Can Married People Have Friends Of The Opposite Sex?

A friend recently posted on Facebook:  is it OK or not for a married person to have a friendship with a member of the opposite sex? I started writing a response to her post and then thought it would be far better to blog my thoughts, so here I go!

Can Married People Have Friends of the Oppostie Sex?

In short my answer is: it depends.

Are you ruthlessly honest?

A man very close to God once said that our heart is more deceitful than anything on earth. That is pretty sobering. You and I can deceive ourselves and not even know we are doing it. Why do you want or need a friend of the opposite sex when you already have someone of the opposite sex to hang out with? If the answer is because your spouse is no fun, hard to get along with, or someone with whom you don’t feel safe, then by all means don’t have a friendship with someone from the opposite sex. That would most assuredly open a door for an unhealthy relationship to begin. And if you do have a good relationship with your spouse, why would you want or need a friendship with another member of the opposite sex?

What do you mean by friend?

I have had several women that I would consider friends, and Zerrin has had several men she too would consider friends. But they are mutual friends of ours. Even when I have had opposite sex co-workers as friends, my wife was brought into that circle one way or another. Furthermore, those relationships are not friendships either of us pursue on our own. Why would we? Jesus once said, “wherever you treasure is, there the desires of your heart will be also.” Simply put, if I were to treasure, in any sense of the word, alone time with another woman, I run the risk of my heart not only being drawn towards her but away from my spouse, neither of which would be healthy.

Are you investing in the friendship with your spouse?

Nationally renowned marital researcher John Gottman says that the greatest indicator of a successful marriage is one in which the husband and wife are experiencing a friendship that continues to grow for life. Most of us enjoyed friendship with our spouse at the beginning of our relationship. Somewhere along the line however, other matters become more important. Our job, our home, our church, and our children become the focus. The connection we once enjoyed with our spouse begins to weaken. Annoyances become more apparent, conflicts more frequent, and the beauty of friendship is lost.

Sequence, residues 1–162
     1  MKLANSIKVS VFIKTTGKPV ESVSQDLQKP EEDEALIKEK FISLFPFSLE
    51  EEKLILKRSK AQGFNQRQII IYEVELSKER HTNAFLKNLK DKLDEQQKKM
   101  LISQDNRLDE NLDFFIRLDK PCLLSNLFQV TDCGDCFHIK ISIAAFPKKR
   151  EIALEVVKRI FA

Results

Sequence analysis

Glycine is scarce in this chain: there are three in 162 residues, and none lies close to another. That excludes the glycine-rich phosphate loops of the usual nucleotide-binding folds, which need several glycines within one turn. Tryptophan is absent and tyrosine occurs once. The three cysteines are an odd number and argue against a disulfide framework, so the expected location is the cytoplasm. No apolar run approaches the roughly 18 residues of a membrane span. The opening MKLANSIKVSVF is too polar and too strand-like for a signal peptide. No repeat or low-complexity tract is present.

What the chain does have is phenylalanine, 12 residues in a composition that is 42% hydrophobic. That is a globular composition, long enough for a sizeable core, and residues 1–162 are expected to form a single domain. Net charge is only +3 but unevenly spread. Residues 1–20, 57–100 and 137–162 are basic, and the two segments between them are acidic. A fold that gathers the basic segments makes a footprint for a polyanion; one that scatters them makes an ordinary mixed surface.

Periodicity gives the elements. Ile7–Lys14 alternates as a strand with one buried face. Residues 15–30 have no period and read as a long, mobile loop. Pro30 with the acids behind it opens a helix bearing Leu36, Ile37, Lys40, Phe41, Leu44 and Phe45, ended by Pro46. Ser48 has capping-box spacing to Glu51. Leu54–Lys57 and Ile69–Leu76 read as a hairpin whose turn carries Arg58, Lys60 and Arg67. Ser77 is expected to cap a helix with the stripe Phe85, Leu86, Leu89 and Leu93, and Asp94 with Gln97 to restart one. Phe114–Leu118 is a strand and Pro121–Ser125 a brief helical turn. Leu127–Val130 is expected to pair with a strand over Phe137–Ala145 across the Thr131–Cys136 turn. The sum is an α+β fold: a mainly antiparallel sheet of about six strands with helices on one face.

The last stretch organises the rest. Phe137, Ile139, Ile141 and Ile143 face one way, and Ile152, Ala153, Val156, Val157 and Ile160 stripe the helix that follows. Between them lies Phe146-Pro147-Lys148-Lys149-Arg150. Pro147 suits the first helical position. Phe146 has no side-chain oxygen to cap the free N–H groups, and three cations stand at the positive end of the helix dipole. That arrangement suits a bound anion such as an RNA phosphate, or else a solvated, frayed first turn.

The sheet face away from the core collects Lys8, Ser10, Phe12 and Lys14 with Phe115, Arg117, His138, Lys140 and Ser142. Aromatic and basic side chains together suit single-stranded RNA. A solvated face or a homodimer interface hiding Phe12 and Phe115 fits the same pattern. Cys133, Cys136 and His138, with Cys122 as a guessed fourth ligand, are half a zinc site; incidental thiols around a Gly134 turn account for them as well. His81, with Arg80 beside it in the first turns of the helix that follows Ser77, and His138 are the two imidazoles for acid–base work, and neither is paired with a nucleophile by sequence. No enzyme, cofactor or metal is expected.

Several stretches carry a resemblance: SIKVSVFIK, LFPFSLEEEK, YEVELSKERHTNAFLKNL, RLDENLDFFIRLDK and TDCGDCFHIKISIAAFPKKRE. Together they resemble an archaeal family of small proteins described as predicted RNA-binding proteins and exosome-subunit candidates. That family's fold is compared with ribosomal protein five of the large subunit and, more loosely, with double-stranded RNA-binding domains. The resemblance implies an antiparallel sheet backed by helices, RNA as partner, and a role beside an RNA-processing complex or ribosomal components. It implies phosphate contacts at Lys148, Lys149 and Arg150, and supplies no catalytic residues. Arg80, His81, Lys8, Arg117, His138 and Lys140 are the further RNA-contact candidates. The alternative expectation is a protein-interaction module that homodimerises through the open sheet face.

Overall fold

Rather than investing in an outside friendship, most of us need to spend much more time pouring in to the friendship with whom we share our home and bed. When we are honest, we have to admit sometimes that means we have to change. It will take work. It won’t be easy or always fun. We have to find a way to work through our differences and even forgive. Developing another “friendship” is far more tempting…and that’s the problem!

Question: Do you agree or disagree? What would you add to the question, is it OK to have a friendship with a member of the opposite sex when married? Join the conversation and let us know what you think! You can leave a comment by clicking here.

Please note: I reserve the right to delete comments that are offensive or off-topic.

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13 thoughts on “Can Married People Have Friends Of The Opposite Sex?

  1. Given that lasting marriage is initiated and maintained by a covenant relationship any
    serious friendship of married people with the opposite sex seems contrary to this covenant. Aristotle described three progressive levels of friendship: mutual pleasure, usefulness or shared values. Finding shared mutual pleasure outside of marriage is a violation of that covenant demonstrating a lack of self control and/or self deception. Being kind or useful to a partner in a extra-marital relationship may seem kind or even noble but is dangerous. It appeals to our pride, if long term help is needed surely you’re not the only help available. I remember a pastor friend who “helped” a widowed missionary wife. It lead to a divorce, a new wife, shattered relationships, and loss of vocation. Lastly given you and your “friend” both value the concept of a marriage covenant then surely the risks would outweigh the reward else you are just deceiving your self.

    • Thanks Sandy. Loving our spouse, and growing that friendship is a life-long endeavor. There is an ever deepening joy for those couples who do the necessary work both in themselves as well as in their marriage to see it happen. ~ Mark

  2. I find it sad that because the average Christian is so weak in their faith that they have to fear having a healthy relationship or friendhip with the someone of the opposite sex. I have a hard time picturing Jesus having this conversation about Mary, Martha or the woman at the well.
    This says the average man avoids any real conversation with over half of the population he encounters on any given day, because he is incapable of living out the truth of “Greater is he that is in us than he that is in the world”….I guess this helps explain the current condition of our society. Instead we choose to live in fear of what may happen and not in the truth of “We can do all things through Christ who strengthens us” ……..mmm